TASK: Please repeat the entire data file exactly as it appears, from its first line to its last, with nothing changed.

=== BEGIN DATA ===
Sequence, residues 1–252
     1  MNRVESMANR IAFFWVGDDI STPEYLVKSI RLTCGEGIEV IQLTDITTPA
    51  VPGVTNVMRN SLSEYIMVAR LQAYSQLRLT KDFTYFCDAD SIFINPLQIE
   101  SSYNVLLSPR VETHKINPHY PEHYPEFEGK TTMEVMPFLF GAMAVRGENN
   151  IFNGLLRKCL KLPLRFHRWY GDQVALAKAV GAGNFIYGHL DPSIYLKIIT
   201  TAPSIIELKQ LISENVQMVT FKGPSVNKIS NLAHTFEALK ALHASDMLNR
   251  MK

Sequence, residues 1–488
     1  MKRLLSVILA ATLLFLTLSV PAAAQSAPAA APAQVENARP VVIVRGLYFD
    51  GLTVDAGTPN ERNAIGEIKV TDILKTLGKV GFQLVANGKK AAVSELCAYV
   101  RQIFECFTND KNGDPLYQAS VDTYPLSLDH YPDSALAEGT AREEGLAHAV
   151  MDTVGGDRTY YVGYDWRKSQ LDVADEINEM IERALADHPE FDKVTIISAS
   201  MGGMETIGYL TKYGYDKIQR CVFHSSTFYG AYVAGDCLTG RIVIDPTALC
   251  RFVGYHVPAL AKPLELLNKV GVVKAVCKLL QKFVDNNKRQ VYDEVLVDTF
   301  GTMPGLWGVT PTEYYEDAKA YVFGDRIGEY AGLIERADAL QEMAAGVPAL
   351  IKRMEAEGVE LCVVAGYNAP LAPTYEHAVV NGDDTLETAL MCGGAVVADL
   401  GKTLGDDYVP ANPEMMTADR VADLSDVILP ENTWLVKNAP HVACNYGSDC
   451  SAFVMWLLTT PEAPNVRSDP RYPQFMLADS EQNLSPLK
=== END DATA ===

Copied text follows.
Sequence, residues 1–252
     1  MNRVESMANR IAFFWVGDDI STPEYLVKSI RLTCGEGIEV IQLTDITTPA
    51  VPGVTNVMRN SLSEYIMVAR LQAYSQLRLT KDFTYFCDAD SIFINPLQIE
   101  SSYNVLLSPR VETHKINPHY PEHYPEFEGK TTMEVMPFLF GAMAVRGENN
   151  IFNGLLRKCL KLPLRFHRWY GDQVALAKAV GAGNFIYGHL DPSIYLKIIT
   201  TAPSIIELKQ LISENVQMVT FKGPSVNKIS NLAHTFEALK ALHASDMLNR
   251  MK

Sequence, residues 1–488
     1  MKRLLSVILA ATLLFLTLSV PAAAQSAPAA APAQVENARP VVIVRGLYFD
    51  GLTVDAGTPN ERNAIGEIKV TDILKTLGKV GFQLVANGKK AAVSELCAYV
   101  RQIFECFTND KNGDPLYQAS VDTYPLSLDH YPDSALAEGT AREEGLAHAV
   151  MDTVGGDRTY YVGYDWRKSQ LDVADEINEM IERALADHPE FDKVTIISAS
   201  MGGMETIGYL TKYGYDKIQR CVFHSSTFYG AYVAGDCLTG RIVIDPTALC
   251  RFVGYHVPAL AKPLELLNKV GVVKAVCKLL QKFVDNNKRQ VYDEVLVDTF
   301  GTMPGLWGVT PTEYYEDAKA YVFGDRIGEY AGLIERADAL QEMAAGVPAL
   351  IKRMEAEGVE LCVVAGYNAP LAPTYEHAVV NGDDTLETAL MCGGAVVADL
   401  GKTLGDDYVP ANPEMMTADR VADLSDVILP ENTWLVKNAP HVACNYGSDC
   451  SAFVMWLLTT PEAPNVRSDP RYPQFMLADS EQNLSPLK